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Transcriptomic profiling of human breast and melanoma cells selected by migration through narrow constraints

  • Scientific Data 4, Article number: 170172 (2017)
  • doi:10.1038/sdata.2017.172
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Abstract

The metastatic spread of cancer cells is a step-wise process that starts with dissociation from primary tumours and local invasion of adjacent tissues. The ability to invade local tissues is the product of several processes, including degradation of extracellular matrices (ECM) and movement of tumour cells through physically-restricting gaps. To identify properties contributing to tumour cells squeezing through narrow gaps, invasive MDA-MB-231 human breast cancer and MDA-MB-435 human melanoma cells were subjected to three successive rounds of selection using cell culture inserts with highly constraining 3 μm pores. For comparison purposes, flow cytometry was also employed to enrich for small diameter MDA-MB-231 cells. RNA-Sequencing (RNA-seq) using the Illumina NextSeq 500 platform was undertaken to characterize how gene expression differed between parental, invasive pore selected or small diameter cells. Gene expression results obtained by RNA-seq were validated by comparing with RT-qPCR. Transcriptomic data generated could be used to determine how alterations that enable cell passage through narrow spaces contribute to local invasion and metastasis.

Design Type(s)
  • cell type comparison design
Measurement Type(s)
  • transcription profiling assay
Technology Type(s)
  • RNA sequencing
Factor Type(s)
  • cell line
  • protocol
Sample Characteristic(s)
  • Homo sapiens
  • breast cancer cell line
  • melanoma cell line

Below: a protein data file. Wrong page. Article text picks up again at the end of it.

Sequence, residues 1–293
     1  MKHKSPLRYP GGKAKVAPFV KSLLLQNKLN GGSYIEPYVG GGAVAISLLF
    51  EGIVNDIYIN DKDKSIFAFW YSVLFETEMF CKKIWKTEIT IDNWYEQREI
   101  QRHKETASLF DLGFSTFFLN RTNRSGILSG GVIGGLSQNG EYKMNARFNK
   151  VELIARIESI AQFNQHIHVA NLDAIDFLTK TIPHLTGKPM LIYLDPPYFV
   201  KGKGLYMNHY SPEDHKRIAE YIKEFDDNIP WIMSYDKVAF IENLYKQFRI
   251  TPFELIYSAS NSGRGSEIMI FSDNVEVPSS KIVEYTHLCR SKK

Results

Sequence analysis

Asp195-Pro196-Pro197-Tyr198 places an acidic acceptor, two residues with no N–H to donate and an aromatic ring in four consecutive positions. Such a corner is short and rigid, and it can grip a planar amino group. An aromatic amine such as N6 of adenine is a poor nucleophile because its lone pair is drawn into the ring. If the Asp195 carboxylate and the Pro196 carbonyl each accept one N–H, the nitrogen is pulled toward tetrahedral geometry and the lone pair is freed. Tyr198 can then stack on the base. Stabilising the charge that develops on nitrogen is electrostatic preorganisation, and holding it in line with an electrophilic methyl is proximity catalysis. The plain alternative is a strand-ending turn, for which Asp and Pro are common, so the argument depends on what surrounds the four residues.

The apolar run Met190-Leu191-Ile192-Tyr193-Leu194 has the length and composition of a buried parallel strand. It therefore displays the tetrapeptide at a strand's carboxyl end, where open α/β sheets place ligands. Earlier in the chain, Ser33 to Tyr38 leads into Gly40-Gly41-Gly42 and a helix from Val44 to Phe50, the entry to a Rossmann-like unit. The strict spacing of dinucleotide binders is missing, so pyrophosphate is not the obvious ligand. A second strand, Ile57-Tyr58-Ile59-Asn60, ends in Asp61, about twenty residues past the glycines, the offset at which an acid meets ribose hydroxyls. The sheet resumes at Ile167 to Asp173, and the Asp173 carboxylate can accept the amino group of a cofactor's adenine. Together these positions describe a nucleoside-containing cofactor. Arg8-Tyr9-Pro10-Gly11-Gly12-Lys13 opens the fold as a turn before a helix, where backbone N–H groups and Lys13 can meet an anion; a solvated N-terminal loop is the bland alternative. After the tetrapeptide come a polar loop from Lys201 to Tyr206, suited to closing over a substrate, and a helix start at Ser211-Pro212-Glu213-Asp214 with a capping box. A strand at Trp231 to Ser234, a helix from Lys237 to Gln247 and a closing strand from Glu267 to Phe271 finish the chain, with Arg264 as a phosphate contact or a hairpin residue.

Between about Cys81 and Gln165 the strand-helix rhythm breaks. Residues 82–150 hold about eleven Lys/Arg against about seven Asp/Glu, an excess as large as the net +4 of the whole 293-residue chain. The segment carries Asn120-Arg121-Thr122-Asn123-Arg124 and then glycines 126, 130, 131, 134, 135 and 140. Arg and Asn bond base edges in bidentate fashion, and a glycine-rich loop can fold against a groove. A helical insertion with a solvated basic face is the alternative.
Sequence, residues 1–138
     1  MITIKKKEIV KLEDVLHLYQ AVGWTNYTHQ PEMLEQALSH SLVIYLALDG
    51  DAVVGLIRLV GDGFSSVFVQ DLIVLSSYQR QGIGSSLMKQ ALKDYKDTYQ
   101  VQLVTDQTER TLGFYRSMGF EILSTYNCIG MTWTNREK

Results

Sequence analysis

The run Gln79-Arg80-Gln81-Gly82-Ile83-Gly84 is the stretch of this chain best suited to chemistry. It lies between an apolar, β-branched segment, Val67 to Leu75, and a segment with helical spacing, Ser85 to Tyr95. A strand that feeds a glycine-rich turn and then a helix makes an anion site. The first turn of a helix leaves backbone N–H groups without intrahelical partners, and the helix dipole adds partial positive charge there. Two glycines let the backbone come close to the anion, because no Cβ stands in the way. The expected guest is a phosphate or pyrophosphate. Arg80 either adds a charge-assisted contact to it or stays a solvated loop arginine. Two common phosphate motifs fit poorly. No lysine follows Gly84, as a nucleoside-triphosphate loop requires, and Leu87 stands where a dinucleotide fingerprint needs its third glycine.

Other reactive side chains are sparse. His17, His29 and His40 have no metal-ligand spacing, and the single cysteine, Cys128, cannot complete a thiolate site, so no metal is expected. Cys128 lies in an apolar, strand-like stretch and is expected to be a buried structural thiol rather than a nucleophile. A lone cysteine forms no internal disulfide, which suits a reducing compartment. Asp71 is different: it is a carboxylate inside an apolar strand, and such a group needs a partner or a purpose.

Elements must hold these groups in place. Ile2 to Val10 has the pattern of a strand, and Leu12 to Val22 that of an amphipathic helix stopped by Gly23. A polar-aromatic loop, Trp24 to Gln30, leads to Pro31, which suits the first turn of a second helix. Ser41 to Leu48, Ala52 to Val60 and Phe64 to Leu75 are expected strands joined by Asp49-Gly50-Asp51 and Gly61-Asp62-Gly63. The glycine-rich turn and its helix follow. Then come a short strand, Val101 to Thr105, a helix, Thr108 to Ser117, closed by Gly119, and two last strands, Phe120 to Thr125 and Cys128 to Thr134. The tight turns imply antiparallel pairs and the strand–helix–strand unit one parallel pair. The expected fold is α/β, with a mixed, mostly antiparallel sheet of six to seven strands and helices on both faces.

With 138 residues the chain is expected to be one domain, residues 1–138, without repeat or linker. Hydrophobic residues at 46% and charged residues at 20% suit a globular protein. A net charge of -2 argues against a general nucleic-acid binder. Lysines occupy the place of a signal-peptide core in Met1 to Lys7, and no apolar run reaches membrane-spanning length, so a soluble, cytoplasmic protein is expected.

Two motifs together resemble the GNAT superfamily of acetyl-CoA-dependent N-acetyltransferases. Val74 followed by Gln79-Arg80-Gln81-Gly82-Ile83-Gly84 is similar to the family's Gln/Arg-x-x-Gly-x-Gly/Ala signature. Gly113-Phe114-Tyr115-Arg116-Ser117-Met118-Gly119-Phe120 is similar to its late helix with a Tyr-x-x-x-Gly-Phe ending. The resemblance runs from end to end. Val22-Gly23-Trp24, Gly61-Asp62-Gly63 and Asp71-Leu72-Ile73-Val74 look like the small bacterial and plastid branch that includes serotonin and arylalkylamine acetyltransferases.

Background & Summary

The metastatic spread of cancer cells from primary tumours to distant sites is the most serious and deadliest aspect of the disease, with estimates of up to 90% of cancer related deaths being directly associated with metastasis1,2. In addition, it has become apparent that the same processes that contribute to cancer metastasis also facilitate primary tumour growth3,4. As a result, characterizing the properties of metastatic cells that enable their dissemination may identify actionable targets for chemotherapy that could reduce cancer spread and possibly tumour growth and progression.

The metastatic ability of cancer cells results from several changes in their normal behaviours5. The strength of cell-cell adhesions is often lessened, allowing individual or groups of cells to separate and move away from the primary tumour6. The movement away from the tumour into adjacent tissue may be promoted by changes in migratory behaviour, increased extracellular matrix (ECM) degrading activity, and the ability to squeeze between cells and ECM protein fibres7. In the next stage, locally invasive cells may spread further by moving through surfaces surrounding body cavities, via lymphatic or blood vessels, or through canalicular spaces. Ultimately, tumour cells may move to a secondary site, the location of which may be influenced by variables including the route taken, intrinsic properties of the target tissue, and accessibility to factors, such as tumour cell-generated exosomes, that condition a pre-metastatic niche. Common to several stages of the metastatic process is the ability of tumour cells to squeeze through narrow spaces. As a result, it can be predicted that changes in the deformability of tumour cells that enabled their movement through physically constraining conditions in their three dimensional environment would likely promote cancer spread8.